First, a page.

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Giant-screen exhibitor Imax reported a sharp rebound in revenues and a smaller second-quarter loss amid the reopening of its global theater network.
On Tuesday, Imax reported a loss of $9.2 million attributable to shareholders, which compares to a year-earlier loss of $26.1 million when the company’s theaters were nearly all shut down at the height of the COVID-19 pandemic.
The adjusted loss per share for the second quarter was 12 cents, against a year-earlier loss of 44 cents, and quarterly revenue was $51 million, well up from a year-earlier $8.9 million. Imax posted global box office of $109 million in the second quarter, which marked its second consecutive quarter of $100 million-plus.
Analysts forecast a per-share second-quarter loss of 27 cents, on revenue of $42.8 million.
With around 90 percent of its global theater network now open during the second quarter, Imax saw the return of Hollywood blockbusters to its screens, including A Quiet Place Part II and F9. It also came ahead of a $12 million opening weekend for Black Widow on Imax screens, which included 22 minutes of scenes in an expanded aspect ratio.
The North American reopening also meant Imax’s box office was no longer so heavily weighted toward China and its local content. For Black Widow, North America contributed $7.2 million of Imax’s box office from 380 screens, while internationally the superhero pic opened to $4.8 million from 315 screens in 59 countries.
During an analyst call held after the market close, Imax CEO Richard Gelfond pointed to “encouraging signs of improvement” at the global box office. “Indeed, we believe Imax is helping to lead the global recovery of the film industry, uniquely positioned to benefit immediately from the upcoming acceleration of Hollywood blockbuster releases and poised to take market share as the world reopens,” Gelfond said.
Gelfond added that, as the pandemic eased, domestic box office numbers underlined “signs of pent-up demand for blockbusters that we’ve seen in Asia and the Middle East,” though the Imax boss insisted the current recovery for the global exhibition sector was likely to take time.
“As we’ve said, the recovery of the box office will be a gradual, incremental process — a faucet, not a light switch — but it’s clear we are headed in the right direction,” Gelfond told analysts.
Imax executives also discussed how much the day-and-date model for Black Widow and other tentpoles will impact theatrical box office heading into 2021. Gelfond said new tentpole releases — while fewer in number so far than anticipated as Hollywood studios take “a conservative approach” and push many big releases into the fall or 2022 — continue to perform at the box office. “Despite a day-and-date release on HBO Max, Godzilla vs. Kong has delivered more than $100 million at the domestic box office and $460 million globally — including $37 million in Imax,” he said.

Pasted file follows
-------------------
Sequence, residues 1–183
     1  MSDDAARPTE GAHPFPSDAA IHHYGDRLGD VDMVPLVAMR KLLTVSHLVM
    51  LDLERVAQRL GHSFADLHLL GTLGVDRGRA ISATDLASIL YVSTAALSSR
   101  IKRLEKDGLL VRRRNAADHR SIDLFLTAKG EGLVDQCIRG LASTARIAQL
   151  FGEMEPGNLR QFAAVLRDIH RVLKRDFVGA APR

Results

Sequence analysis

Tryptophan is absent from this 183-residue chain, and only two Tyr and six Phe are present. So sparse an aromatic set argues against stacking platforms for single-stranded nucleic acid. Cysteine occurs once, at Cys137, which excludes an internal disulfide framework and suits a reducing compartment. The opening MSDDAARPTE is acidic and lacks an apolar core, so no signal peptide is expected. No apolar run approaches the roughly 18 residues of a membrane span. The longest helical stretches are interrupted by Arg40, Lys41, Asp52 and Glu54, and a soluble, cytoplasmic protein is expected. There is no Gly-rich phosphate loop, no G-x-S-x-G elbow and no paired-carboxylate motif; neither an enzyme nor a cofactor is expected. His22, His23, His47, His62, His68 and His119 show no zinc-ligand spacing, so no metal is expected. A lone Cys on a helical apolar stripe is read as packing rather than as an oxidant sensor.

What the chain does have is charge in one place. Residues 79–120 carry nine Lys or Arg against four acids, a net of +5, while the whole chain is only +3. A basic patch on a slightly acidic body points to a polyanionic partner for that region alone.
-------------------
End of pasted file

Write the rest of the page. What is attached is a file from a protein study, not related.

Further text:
However, shares in Imax and other exhibitors took a hit when a steep second-week box office drop-off for Disney’s day-and-date release of Black Widow followed the first week in theaters. “The combination of PVOD and a lot of piracy accounted for the cannibalization and significantly affected the box office at the end of the day,” Gelfond said, though he declined to cite a dollar figure for the impact of the Disney+ Premier Access release of Black Widow on the Imax box office haul.
Looking ahead to the end of the pandemic, Gelfond predicted that Disney, which has experimented with release strategies while movie theaters have been shuttered, would re-embrace the exclusive theatrical window for tentpoles once the exhibition sector fully reopened. “The way to maximize value is to have a theatrical window,” he insisted.
Imax execs also discussed Hollywood’s upcoming slate into September, when tentpole films will start to arrive in theaters every two weeks through the end of the year, including No Time to Die, Dune and Top Gun: Maverick — all three of which include footage shot with Imax cameras.
“The reopening of theaters is accelerating. Audiences are coming back in big numbers. And the flow of blockbuster content into theaters this fall and beyond looks to be unprecedented,” Gelfond told analysts. But Imax faces industry headwinds as it plods into the latter half of 2021.
The resurgence of COVID-19 cases across the U.S. due to the Delta variant could potentially threaten that upcoming release slate, warn analysts, adding to volatility around the exhibition sector and its stock prices.
“Looking ahead, the industry appears to be at an inflection point with the volume of big-budget, Hollywood content on the rise and the vast majority of Imax’s key markets having not only reopened but also starting to benefit from looser capacity restrictions. The exhibition industry as a whole will likely take time to rebuild attendance, while also dealing with some secular headwinds. That said, we fully believe the pandemic has shown that Hollywood needs an exclusive exhibition window in order to make the economics of major movies work,” MKM Partners analyst Eric Handler wrote in a July 26 investors note.
But on the analyst call, Gelfond discounted the potential impact of the Delta variant on attendance at the local multiplex. “It’s too early to say in terms of whether it’s having an impact. I personally don’t think it’s going to. Among the vaccinated people, there’s not a lot of reticence to go to theaters,” he insisted.
Gelfond added the box office rebound in Asia this year, especially in China and Japan, happened among populations that were largely unvaccinated. “Unless it gets much more out of control than it is now, and there’s no evidence for that, I don’t think [the Delta variant is] a significant game-changer,” he said.
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